Military and political leaders of world war II. The Rise of Dictators & Triumph of the Allies During World War II. The Characteristics of Fascism. Fascist governments are totalitarian leaders – leaders who are dictators and do not tolerate any opposition, or dissent.
The Rise of Dictators &
Triumph of the Allies During World War II
Gen. Francisco Franco
Marshall Josef Stalin
Adolf Hitler in Germany
Benito Mussolini in Italy
Military and Political Leaders of the Second World War
He was the British Prime Minister who signed the Munich Pact and allowed Hitler to take over parts of Europe by adopting a strategy of appeasement. Today, his name is associated with the weak policy at the Munich Conference. As soon as the war begin in Europe – in September of 1939, with the invasion of Poland, Chamberlain was replaced as Prime Minister by the Conservative Party’s leader.
He was the dictator of the Soviet Union who signed a non-aggression pact with Germany in 1939. By 1940, his nation was at war with Germany, though. He was a brutal and murderous dictator, but he helped the Allies defeat Hitler. After the war came to an end, he almost immediately severed ties with the United States and England, whose capitalist economies were in opposition to his command system.
Although Douglas MacArthur took much of the credit, this man was the leader of the United States armed forces in the Pacific Theatre. He adopted a strategy of island hopping in order to defeat the Japanese. Nimitz was not as outspoken as MacArthur, yet his contributions to the defense of the nation have not gone unnoticed. There is a class of aircraft carriers in the US Navy which bears his name today.
He became the Prime Minister of England once World War II began; his frequent radio addresses encouraged the British to continue fighting against Nazi Germany, no matter what the odds. At the outset of the war, he stated, “We shall defend our island, whatever the cost may be, we shall fight on the beaches, we shall fight on the landing grounds, we shall fight in the fields and in the streets, we shall fight in the hills; we shall never surrender.”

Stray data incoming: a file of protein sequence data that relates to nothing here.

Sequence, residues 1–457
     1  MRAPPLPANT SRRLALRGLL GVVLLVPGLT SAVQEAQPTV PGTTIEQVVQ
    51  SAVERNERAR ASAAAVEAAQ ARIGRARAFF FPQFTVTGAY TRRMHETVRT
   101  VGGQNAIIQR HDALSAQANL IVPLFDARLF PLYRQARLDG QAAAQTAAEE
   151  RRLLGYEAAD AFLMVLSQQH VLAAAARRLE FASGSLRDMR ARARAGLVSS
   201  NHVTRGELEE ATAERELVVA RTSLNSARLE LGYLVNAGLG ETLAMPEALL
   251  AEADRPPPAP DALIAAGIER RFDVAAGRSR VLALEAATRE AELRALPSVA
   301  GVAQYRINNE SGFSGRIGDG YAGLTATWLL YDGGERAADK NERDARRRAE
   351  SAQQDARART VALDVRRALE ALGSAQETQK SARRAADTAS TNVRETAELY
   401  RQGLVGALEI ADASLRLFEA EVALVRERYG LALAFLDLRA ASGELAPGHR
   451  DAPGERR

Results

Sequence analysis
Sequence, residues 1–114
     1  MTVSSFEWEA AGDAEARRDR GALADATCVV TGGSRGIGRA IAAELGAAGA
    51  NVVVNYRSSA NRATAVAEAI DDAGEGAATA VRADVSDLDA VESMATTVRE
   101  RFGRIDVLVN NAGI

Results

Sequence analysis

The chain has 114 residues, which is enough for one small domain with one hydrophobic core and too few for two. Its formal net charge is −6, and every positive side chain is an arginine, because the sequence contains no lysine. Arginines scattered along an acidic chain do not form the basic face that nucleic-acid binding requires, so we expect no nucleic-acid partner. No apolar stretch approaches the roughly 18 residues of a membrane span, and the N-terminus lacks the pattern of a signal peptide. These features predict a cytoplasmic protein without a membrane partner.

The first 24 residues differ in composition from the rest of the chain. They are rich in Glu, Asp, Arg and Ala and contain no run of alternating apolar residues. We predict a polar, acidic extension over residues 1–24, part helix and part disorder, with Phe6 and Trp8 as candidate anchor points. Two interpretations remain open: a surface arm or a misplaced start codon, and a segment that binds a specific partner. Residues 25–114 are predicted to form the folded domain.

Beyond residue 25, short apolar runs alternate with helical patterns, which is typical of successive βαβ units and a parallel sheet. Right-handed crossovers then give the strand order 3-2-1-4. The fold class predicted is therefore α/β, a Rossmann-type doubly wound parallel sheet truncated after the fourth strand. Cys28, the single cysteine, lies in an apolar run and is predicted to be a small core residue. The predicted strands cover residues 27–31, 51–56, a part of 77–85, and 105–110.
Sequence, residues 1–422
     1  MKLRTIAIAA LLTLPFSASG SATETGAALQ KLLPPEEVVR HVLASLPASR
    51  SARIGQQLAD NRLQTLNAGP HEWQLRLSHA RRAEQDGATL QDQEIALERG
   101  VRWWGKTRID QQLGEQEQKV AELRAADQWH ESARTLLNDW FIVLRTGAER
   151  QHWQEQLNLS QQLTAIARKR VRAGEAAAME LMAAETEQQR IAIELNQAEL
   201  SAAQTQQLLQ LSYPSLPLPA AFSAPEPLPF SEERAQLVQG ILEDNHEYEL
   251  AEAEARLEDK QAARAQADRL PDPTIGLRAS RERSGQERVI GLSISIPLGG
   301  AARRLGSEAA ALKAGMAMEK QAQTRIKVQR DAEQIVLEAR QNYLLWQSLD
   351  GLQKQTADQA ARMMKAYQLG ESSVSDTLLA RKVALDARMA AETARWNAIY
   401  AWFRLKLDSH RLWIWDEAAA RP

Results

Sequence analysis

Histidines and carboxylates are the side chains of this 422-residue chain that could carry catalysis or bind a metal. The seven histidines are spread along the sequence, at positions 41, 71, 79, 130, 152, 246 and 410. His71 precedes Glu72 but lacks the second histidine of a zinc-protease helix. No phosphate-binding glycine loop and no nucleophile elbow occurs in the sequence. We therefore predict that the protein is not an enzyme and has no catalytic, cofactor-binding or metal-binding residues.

She encouraged American women to take jobs in manufacturing and supply during World War II, since so many men were fighting the war. She worked in a plant making war materials for the Allies. There were actually many of her – some produced by artists like Norman Rockwell (right) or the more well know version by J. Howard Miller. But really, “Rosie” the Riveter refers to all of the American women who worked to supply the Allies during World War II.
Will someone please explain to me how you write a textbook on American history without including this man’s name? He was the Prime Minister and leading General in Japan who authorized the attack on Pearl Harbor on December 7, 1941. In many ways, his leadership was fascist in nature – it was a uniquely Japanese version of the system, though. It was warlike - the Empire of Japan had been at war for over ten years by then, having invaded Manchuria, in China, in 1931. Like other fascists, the Japanese considered themselves to be a superior race to their Asian neighbors.
He left the Philippine Islands two months before they surrendered to the Japanese, vowing, “I Shall Return.” At the end of World War II, he did return! In fact, in September of 1945, he accepted the surrender of the Japanese on board the USS Missouri in Tokyo Harbor. And, yes, he is the guy they named the MacArthur Mall after. He’s actually buried right in the middle of downtown Norfolk at the MacArthur Memorial.